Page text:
The technology bust in 2001 into the great recession in 2008 nine September 11 attacks and all of the fear that that induced him, and many other unnamed selloffs so investor had to stay involved. All that time in order to get that return yeah I'm sure many of our listeners remember where they were turning some of these I can remember exactly where I was when the headline came across the Lehman Brothers ghetto had collapsed in it.
As we were entering this great that recession and all that came with it and really it takes real willpower to stay invested and keep investing to get the benefit of dollar cost averaging through those dark periods doesn't that's right.
And this. Certainly tested investors. What's really amazing. After thinking about the statistics that I gave you is that the market, the S&P 500 generated positive returns and 35 of those 42 years we had all those downdrafts, but really if you look at it year by year you had 35/42 positive years and here's the catch. You had to be invested the entire period to get that 12.3% annual return. I mentioned yeah and investor attempting to move in and out of the market most likely would've had a record that was significantly less than that. So Jed summed this up for is where does this all leave investors today. Of course nobody knows when the equity markets will settle down or what might soothe investors collective anxiety. We don't know whether the Federal Reserve will be able to tame inflation. The way they're targeting and not cause a recession we don't know how long inflation will remain high and erode people's income but if history is a guide. Take your time and not making rash decisions in the face of fear is usually a wise choice.
Markets have always been risky. So the recent experience we've had in 2022 should come as no surprise. The specifics are unique and they feel scary but this is not a surprise for us, but your reaction and your feelings in the face of the circumstances may have surprised you if they did we'd invite you to go back to an advisor and talk through what might've changed in your situation to make to require perhaps an adjustment. But if during that hypothetical conversation you had years ago you said you would sit tight in the face of a bear market.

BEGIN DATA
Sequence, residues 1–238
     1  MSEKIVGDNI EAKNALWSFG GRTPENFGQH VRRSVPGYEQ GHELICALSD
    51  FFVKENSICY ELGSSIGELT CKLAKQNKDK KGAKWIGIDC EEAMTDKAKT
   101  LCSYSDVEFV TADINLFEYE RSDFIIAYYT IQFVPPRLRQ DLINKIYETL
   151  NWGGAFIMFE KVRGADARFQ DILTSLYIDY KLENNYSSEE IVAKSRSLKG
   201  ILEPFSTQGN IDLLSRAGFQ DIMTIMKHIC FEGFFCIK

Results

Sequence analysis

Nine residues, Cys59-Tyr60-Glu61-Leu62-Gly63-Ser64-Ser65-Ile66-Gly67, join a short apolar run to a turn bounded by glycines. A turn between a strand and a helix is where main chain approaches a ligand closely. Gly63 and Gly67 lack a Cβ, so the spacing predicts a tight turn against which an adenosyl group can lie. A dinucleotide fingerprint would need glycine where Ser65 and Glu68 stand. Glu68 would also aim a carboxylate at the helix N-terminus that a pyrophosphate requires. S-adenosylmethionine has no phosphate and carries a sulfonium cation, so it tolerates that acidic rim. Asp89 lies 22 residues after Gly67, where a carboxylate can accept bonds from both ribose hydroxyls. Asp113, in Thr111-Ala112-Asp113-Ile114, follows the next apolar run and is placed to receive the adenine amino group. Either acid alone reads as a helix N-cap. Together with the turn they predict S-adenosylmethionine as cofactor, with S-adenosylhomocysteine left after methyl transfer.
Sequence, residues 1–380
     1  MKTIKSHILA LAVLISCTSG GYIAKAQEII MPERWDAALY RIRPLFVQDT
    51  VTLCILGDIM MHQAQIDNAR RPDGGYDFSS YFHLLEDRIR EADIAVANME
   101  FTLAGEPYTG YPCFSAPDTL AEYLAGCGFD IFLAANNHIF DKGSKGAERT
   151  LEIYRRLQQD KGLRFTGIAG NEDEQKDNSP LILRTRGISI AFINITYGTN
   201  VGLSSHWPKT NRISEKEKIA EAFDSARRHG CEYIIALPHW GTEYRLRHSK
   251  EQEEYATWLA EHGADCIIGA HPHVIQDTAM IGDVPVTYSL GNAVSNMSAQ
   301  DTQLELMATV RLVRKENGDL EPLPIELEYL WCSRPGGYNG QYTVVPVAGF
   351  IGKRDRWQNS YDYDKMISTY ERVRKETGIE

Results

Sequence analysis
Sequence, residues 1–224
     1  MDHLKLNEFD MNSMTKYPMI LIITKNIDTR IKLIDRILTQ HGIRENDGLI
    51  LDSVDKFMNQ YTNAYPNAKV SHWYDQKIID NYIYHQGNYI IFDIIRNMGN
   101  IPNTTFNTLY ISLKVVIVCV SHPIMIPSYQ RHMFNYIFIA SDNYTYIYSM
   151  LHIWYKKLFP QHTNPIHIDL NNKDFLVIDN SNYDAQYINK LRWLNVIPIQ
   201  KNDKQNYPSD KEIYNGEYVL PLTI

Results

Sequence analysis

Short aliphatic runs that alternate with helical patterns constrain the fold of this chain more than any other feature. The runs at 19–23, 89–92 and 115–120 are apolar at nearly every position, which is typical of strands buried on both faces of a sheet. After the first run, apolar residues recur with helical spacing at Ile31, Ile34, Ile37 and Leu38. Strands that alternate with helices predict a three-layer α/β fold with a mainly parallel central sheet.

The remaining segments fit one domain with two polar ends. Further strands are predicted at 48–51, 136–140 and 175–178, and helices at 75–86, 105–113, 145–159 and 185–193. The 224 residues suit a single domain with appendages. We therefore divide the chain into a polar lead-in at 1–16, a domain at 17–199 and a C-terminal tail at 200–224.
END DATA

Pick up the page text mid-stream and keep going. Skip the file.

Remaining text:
You have your answer for how you might want to actually follow through.
Yeah that's really helpful Chad before we let you go. Today I want to give you an opportunity to talk about a different topic, but that's you still of course related and that is how we can apply our faith to our investments. Of course, practice mutual funds is really a leader among of faith-based mutual funds. This is an exciting day in terms of the opportunities to align our values with our investments talk about the opportunity exist for believers that they may not realize, and what that looks like that course, thanks for the chance to chat about that as you mentioned relative to let's say 10 years ago that believers have lots of ways to express their faith through their financial decisions. It can be in the conversations you have with financial advisors and it can be in the investment products that you choose to invest in. There are range of mutual funds, in particular in ETF's that might fit your emphasis the kinds of things that you care about most. Nearly all of those products have some sort of negative screening that allow you to avoid investments in certain types of companies that you would rather not support many of them, like praxis would do other things like shareholder advocacy where we work with the company management teams to encourage them towards better behavior. All of them are careful in the way that they vote their proxies, which is a bit of an arcane area of the markets but it's a way to communicate values to support managers in ways that reflect on your faith. That's great. Well, thanks for helping us keep a level head about our investments, but also I'm glad we were able to talk for just a moment about the incredible opportunity as believers to align our convictions and our values with our deployment of capital through the investments that we own the books, if you want to learn more. I'd love for you to check out praxis mutual email@example.com that's PR AX IIS jet hoarding as president of practice mutual funds in Chad. It's been a privilege to have you with us today.